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Get a beach-ready butt with ankle weights.
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Your gluteus maximus -- glutes for short and also known as your butt -- is far more than a comfortable thing to sit on; it's also the largest and potentially most powerful muscle in your body. Not only are your glutes your primary hip extensor muscles and important for how you look from behind, they are also important for hip and lower-back health as well as sports performance. Keep your glutes in great shape by working them two or three times a week. Ankle weights can make your glute workouts more challenging and effective.
Side-Lying Hip Abduction
Side-lying hip abduction targets the muscles on the side of your hip -- the gluteus medius and minimus. These muscles are important for preventing your knees from dropping inward when you walk or run and can help contribute to knee health as well as the function and appearance of your butt. Wearing your ankle weights, lie on your side so your hips are square. Rest your head on your outstretched arm. Raise your upper leg to around 45 degrees and then lower it back down. Make sure your feet and knees face directly forward and not up to the ceiling. Perform 12 to 20 repetitions and then roll over and repeat.
Glute kickbacks, also called donkey kicks, frequently feature in aerobics and lower-body conditioning classes. Wearing your ankle weights, kneel on all fours so your hips are over your knees and your shoulders are over your hands. Keeping your knee bent, push the sole of one foot up toward the ceiling. Extend your hip slightly so your thigh is just above parallel to the floor. Lower your leg and repeat. Perform 12 to 20 repetitions and then change sides. Do not overextend your hip or hyperextend your lower back as this will not only make the exercise less effective, but will also increase your risk of injury.
Single-Leg Stiff-Leg Deadlift
Single leg deadlifts are a traditional bodybuilding hamstring and glute exercise. When performed without ankle weights, this exercise focuses on the glute on the leg on which you are standing. Adding ankle weights means that both sides get a workout at the same time. Stand with your feet together and your hands by your sides. Shift your weight over onto one foot. Lean forward from your hips and simultaneously extend your opposite leg behind. Lean over until your extended leg and upper body are roughly parallel to the floor. Stand back up and repeat. Perform 12 to 20 repetitions and then change legs. For a more demanding workout, hold a weight in one hand. If you find balancing difficult, place your free hand on a nearby wall.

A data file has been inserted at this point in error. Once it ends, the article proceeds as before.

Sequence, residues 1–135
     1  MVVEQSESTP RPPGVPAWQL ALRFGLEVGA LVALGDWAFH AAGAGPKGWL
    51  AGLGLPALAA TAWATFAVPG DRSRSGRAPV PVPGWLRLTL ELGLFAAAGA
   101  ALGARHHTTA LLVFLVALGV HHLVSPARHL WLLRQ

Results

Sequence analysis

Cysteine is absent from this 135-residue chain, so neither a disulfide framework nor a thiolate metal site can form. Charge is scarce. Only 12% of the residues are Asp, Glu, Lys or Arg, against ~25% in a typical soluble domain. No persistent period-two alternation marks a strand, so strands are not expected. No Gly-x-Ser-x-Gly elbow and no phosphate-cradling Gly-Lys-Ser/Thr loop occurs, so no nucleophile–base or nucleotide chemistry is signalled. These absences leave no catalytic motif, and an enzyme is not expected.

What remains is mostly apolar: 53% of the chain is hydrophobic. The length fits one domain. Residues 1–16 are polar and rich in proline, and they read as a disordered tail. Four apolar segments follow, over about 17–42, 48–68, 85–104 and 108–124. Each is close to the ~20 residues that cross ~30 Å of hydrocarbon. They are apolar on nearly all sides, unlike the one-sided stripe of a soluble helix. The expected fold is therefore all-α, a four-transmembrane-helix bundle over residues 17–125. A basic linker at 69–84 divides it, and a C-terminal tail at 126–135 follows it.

The hip extension is a simple but effective glute exercise performed in the standing position. While you can perform this exercise without weights, adding ankle weights will increase the overload on your muscles and make the exercise more demanding and effective. Stand with your feet together and lean forward slightly from your hips. Place your hands on a desk or counter for balance. Keeping your knee straight, extend one leg behind you. Really clench your butt. Lower your foot to the ground and repeat. This exercise can also be performed using an alternating leg action or, once you have mastered the technique, while walking forward.